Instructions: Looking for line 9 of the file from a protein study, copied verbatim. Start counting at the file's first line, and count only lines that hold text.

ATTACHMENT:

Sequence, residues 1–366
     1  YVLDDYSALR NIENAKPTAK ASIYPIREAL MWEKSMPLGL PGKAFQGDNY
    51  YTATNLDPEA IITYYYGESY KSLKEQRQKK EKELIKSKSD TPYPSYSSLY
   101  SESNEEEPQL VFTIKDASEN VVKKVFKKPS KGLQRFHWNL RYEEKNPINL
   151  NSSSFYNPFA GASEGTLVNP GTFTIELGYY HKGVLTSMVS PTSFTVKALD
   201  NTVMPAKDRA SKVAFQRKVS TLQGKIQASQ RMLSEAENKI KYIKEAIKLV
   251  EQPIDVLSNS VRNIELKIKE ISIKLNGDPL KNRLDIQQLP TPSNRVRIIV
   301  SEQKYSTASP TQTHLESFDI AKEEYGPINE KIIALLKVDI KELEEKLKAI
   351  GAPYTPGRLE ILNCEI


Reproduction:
   351  GAPYTPGRLE ILNCEI